Oscars 2018: From Hans Zimmer to Jonny Greenwood, the Best Original Score category is interestingly competitive
Like each year, conversation around this year’s Oscars has focused on the prominent awards. An important category that misses out from the public eye is that of Original Score. On 4 March, five different, gifted composers will be in the race for this win, and they range from a first time nominee to a record holder with 51 nominations.
Hans Zimmer for Dunkirk, Alexandre Desplat for The Shape of Water, John Williams for The Last Jedi, Carter Burwell for Three Billboards Outside Ebbing, Missouri and Jonny Greenwood for Phantom Thread are nominated to take home the Academy award for Best Original Score. Interestingly, each composer has worked with the director of the nominated film regularly, with the exception of Desplat, who has collaborated with Guillermo Del Toro just this once.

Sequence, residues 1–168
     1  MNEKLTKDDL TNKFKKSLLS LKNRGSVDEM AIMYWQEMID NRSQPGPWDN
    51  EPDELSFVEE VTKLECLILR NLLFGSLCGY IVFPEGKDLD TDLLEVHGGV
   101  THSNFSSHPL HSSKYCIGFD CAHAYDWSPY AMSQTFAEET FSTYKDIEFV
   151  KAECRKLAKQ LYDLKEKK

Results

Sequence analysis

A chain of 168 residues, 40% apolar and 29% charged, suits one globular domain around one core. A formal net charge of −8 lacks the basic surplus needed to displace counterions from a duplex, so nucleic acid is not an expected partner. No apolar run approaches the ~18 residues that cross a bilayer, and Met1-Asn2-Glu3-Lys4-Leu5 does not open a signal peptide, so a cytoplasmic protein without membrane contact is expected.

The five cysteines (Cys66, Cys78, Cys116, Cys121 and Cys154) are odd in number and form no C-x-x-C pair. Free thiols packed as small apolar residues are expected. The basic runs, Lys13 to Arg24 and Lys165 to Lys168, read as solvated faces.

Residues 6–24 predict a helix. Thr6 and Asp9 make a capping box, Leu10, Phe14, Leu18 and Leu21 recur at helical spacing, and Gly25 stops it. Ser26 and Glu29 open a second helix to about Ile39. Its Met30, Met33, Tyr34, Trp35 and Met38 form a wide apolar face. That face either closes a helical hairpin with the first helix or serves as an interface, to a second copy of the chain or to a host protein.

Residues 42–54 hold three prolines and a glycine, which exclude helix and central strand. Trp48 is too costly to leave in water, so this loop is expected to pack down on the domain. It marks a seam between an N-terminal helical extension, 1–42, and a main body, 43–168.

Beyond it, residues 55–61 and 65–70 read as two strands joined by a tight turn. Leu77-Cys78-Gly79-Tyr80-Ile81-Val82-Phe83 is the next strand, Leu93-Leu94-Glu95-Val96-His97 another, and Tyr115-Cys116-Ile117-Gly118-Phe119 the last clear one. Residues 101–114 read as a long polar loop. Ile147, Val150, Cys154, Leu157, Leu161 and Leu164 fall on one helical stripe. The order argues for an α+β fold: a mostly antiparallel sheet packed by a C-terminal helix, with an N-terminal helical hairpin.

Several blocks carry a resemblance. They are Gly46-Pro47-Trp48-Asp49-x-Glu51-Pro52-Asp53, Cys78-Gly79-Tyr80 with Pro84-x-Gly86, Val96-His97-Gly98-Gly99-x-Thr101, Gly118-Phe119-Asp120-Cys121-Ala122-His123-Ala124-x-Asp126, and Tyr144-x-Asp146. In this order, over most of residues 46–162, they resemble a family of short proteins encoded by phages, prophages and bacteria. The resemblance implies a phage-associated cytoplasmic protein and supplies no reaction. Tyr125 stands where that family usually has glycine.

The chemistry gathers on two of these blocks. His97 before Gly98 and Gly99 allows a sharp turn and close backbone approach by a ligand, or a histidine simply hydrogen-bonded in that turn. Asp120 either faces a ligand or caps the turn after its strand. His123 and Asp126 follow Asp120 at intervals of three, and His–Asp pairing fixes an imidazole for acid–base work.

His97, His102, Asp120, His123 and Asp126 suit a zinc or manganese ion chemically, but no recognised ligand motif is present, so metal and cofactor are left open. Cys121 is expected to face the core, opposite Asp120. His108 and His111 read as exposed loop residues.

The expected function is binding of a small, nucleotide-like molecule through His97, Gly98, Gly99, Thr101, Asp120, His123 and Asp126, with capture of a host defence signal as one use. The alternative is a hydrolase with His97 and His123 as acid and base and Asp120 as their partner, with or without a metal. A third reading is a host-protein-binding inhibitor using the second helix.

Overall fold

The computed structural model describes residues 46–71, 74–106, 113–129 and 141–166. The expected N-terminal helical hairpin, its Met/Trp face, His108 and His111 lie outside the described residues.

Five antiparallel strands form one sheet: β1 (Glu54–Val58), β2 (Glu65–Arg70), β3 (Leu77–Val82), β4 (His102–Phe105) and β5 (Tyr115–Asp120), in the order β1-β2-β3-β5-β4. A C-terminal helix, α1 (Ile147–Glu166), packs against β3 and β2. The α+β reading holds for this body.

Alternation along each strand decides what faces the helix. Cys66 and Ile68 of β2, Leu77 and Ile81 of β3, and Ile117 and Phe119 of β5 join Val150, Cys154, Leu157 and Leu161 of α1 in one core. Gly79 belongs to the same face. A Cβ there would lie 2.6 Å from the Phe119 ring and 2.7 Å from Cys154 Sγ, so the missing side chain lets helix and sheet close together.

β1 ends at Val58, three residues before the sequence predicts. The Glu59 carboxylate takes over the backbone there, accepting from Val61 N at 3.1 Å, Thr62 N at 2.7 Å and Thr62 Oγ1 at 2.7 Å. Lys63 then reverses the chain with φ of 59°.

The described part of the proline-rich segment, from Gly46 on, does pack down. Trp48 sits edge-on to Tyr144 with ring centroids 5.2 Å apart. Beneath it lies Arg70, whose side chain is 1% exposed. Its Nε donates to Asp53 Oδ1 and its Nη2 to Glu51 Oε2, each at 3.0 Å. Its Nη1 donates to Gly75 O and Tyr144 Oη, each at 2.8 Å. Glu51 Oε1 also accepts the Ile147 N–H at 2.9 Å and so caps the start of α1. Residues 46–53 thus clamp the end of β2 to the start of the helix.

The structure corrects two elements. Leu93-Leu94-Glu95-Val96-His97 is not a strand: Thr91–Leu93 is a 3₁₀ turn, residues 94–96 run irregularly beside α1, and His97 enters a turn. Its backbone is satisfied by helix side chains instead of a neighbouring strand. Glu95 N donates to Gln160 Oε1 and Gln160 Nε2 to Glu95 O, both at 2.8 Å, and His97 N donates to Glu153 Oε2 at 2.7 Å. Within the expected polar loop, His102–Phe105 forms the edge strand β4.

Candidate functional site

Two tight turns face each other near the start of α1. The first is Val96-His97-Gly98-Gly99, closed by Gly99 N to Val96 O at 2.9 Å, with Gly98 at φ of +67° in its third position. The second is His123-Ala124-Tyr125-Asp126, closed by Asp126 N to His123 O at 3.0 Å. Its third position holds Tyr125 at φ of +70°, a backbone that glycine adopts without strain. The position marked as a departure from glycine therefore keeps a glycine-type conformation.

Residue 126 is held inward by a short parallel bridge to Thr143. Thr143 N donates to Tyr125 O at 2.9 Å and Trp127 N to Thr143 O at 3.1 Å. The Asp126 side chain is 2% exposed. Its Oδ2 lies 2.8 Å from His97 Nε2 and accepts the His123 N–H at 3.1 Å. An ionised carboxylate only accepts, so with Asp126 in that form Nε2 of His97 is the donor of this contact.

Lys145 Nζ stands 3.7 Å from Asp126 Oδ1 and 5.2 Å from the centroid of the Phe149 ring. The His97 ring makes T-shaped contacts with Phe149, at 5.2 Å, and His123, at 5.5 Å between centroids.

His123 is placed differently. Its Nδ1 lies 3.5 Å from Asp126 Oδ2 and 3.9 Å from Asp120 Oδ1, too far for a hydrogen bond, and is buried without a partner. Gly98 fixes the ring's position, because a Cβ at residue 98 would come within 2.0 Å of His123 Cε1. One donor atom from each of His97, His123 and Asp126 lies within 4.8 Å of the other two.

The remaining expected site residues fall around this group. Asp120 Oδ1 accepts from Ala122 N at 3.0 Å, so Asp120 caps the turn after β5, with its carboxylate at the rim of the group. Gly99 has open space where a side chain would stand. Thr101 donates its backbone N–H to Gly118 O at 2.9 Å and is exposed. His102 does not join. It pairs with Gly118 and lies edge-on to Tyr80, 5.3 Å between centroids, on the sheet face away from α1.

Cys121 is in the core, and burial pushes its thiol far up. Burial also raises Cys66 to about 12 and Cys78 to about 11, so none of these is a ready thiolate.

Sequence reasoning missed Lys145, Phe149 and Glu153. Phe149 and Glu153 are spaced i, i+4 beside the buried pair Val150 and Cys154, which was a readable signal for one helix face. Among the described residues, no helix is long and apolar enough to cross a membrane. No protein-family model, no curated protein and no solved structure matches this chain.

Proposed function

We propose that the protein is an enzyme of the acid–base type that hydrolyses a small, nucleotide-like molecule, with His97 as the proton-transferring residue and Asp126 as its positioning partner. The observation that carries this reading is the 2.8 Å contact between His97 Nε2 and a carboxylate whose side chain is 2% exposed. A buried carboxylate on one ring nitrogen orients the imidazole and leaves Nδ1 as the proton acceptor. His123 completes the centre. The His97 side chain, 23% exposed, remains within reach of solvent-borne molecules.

Why bring up this category? Because it shapes a film, tones up drama, and stays with us as we listen to a film and relive it much after watching it. Film scores are crucial to bringing alive emotions in films that have little to say (like Dunkirk), or feature a mute protagonist (The Shape of Water) or a melancholic protagonist whose helplessness is overwhelming (Three Billboards Outside Ebbing, Missouri). Here’s why this year’s race for Original Score is interesting and competitive.
Logically speaking, the biggest contender for a win this year is Hans Zimmer. The prolific German born composer, a veteran of over 150 films, Zimmer is prolific and eclectic. Having given musical scores to top franchises like the Dark Knight trilogy, Pirates of the Caribbean, and many applauded films, Zimmer has carved his niche with his adaptability of new age electronic music with orchestra. He has 9 Oscar nominations and a win for the wildly successful The Lion King.